When it comes to customer service, the customer is king. For this reason, successful companies put their customers first. In addition, there is increasing competitive pressure and, in many sectors, trends that are changing at ever shorter intervals. In these agile markets, satisfied customers are an important competitive advantage.
However, we all know from experience that there is often much to do in customer service. Poor accessibility and service quality are criticized by customers across all industries.
We Have Put Together 5 Building Blocks From Which Your Customer Service Can Benefit.
“Please be patient for a moment. We’ll be right there for you.” Announcements like these are a red rag for many hotline callers. A tediously long wait often follows this. Therefore, high availability is among the most important criteria for good service quality. And preferably around the clock. But who can afford to be constantly available? Intelligent conversation routing, well-structured FAQs, smart chatbots, and live chats help to shorten waiting times and enable customers to get rid of their concerns outside of business hours. But be careful: Anyone who offers different contact channels must ensure that the flow of information converges somewhere. Otherwise, one hand does not know what the other is doing.
In addition to speed, accuracy is essential in customer service. After all, what good is it if a customer receives an answer quickly, but it is wrong or does not help him? To avoid this, employees must be well trained, have first-class communication skills, and have the information they need quickly at hand. The seamless integration of knowledge databases, business software, CRM, helpdesk systems, and good teamwork creates the basis for this.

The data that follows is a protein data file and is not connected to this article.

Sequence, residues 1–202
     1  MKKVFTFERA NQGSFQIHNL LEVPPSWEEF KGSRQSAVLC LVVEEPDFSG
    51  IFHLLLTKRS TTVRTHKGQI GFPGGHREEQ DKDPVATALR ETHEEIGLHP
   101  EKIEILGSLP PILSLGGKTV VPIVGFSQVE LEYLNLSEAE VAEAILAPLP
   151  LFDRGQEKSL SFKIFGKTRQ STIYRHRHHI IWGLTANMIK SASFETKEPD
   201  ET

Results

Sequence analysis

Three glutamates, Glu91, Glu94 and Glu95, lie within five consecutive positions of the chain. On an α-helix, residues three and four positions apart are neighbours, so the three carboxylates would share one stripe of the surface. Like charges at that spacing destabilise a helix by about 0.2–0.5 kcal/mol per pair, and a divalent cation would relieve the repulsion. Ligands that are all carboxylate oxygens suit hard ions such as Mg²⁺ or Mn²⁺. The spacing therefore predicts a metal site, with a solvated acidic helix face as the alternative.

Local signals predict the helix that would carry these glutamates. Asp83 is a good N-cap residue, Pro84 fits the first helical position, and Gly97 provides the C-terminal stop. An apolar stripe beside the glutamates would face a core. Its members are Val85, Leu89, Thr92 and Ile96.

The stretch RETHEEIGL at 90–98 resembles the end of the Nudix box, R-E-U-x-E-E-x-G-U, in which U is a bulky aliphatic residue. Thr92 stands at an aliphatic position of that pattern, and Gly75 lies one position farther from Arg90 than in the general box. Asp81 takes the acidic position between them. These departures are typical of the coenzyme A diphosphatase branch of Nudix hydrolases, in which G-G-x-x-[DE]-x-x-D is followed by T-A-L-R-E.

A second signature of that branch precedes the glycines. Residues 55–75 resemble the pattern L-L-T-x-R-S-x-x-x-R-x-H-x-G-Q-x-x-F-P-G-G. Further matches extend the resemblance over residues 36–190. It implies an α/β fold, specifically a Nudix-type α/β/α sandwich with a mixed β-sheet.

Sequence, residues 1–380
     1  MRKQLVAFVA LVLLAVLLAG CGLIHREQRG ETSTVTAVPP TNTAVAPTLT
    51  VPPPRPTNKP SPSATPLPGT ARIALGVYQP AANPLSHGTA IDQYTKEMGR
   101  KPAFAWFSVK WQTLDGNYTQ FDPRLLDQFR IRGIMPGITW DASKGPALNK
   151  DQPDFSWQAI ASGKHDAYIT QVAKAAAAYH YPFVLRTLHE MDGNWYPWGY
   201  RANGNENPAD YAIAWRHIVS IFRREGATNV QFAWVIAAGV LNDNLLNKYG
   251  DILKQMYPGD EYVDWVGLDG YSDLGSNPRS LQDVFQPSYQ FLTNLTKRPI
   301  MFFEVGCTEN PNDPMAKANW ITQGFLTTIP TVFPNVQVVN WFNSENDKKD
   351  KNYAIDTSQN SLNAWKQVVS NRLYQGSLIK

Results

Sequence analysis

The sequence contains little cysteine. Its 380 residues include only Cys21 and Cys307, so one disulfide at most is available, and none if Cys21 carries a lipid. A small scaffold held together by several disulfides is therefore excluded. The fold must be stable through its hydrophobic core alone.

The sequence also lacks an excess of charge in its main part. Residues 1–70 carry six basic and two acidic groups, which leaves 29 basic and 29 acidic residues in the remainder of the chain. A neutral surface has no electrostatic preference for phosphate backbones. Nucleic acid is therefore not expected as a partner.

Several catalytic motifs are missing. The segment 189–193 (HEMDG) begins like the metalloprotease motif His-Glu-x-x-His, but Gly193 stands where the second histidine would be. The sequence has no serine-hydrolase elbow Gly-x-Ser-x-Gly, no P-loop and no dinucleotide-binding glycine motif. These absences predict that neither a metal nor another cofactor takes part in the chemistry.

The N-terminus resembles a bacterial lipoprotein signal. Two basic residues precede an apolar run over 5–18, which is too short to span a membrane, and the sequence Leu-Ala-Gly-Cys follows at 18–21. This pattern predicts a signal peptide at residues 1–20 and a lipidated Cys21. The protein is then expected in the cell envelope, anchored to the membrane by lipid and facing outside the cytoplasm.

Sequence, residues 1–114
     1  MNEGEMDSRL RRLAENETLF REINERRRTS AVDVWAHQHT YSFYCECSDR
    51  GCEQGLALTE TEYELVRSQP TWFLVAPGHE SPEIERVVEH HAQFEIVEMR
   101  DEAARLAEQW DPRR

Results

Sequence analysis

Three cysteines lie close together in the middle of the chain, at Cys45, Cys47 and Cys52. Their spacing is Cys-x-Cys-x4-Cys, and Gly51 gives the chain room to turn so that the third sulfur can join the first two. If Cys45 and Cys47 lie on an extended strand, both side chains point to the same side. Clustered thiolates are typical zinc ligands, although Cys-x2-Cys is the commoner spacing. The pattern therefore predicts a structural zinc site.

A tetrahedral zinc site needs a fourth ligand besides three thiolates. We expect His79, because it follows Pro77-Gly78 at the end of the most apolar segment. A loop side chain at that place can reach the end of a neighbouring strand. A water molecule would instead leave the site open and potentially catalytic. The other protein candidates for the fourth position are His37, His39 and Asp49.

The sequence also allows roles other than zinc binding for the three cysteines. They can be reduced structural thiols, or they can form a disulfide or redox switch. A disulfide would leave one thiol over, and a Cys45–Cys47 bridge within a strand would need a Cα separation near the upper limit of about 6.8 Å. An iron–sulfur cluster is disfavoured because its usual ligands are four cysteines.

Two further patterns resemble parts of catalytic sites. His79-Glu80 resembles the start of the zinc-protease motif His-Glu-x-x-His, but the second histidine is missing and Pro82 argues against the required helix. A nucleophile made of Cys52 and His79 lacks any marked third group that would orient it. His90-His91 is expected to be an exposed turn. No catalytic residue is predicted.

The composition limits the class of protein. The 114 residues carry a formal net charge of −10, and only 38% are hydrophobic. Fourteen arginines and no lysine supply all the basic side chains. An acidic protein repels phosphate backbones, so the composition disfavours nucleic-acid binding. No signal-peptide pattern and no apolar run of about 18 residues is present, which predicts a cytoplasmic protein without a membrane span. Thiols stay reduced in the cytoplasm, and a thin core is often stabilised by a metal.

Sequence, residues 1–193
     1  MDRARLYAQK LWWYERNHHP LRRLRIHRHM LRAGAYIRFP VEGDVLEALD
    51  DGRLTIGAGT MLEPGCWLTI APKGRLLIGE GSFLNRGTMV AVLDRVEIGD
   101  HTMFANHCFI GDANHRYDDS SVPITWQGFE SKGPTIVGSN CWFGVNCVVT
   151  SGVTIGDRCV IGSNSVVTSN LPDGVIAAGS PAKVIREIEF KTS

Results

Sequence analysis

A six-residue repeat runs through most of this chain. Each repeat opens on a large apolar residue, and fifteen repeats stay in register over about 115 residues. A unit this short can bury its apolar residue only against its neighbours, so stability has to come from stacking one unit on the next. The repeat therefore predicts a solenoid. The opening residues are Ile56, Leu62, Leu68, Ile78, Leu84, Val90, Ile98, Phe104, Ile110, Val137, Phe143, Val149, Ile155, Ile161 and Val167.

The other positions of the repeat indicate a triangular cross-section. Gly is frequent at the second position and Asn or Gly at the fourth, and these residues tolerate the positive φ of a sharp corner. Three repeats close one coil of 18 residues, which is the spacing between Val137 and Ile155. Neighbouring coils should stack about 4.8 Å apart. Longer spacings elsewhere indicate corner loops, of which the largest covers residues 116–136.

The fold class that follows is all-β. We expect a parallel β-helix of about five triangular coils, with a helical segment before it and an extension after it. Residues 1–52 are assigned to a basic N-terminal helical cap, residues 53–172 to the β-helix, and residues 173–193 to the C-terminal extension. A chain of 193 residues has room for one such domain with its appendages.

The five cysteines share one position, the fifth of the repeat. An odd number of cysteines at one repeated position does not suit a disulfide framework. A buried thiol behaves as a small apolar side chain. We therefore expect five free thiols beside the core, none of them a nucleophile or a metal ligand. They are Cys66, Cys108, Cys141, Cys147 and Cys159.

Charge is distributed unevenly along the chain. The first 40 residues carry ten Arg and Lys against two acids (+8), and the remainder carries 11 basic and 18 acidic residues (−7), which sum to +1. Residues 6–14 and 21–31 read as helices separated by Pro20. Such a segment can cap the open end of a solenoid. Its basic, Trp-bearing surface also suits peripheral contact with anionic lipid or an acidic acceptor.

Good customer service depends on whether the customer understands what the service employee says. It is important to anticipate the individual customer’s level of knowledge and present complex issues as simply as possible. In concrete terms, this means: Structured statements, short sentences, and simple everyday comparisons create clarity, while technical jargon should be avoided.
Waiting times are proven to be more acceptable when the reason for them is clear. For example, when a train stops in the middle of the route, you ask yourself: why? Most people become restless and annoyed if they don’t know the reason for the unplanned stopover. If, on the other hand, the conductor makes a short announcement that the entrance to the station is blocked by another train, understanding grows. It’s the same in customer service.
According to the consumer center, customer satisfaction depends primarily on interpersonal aspects. Because for a third of those surveyed, friendly contact persons are the pound that can best be used in customer service. This is one of the reasons why more and more service centers are now listening to the telephone calls of their employees. In this way, potential deficits in the tone of conversation are quickly identified and can be reliably remedied through suitable training measures.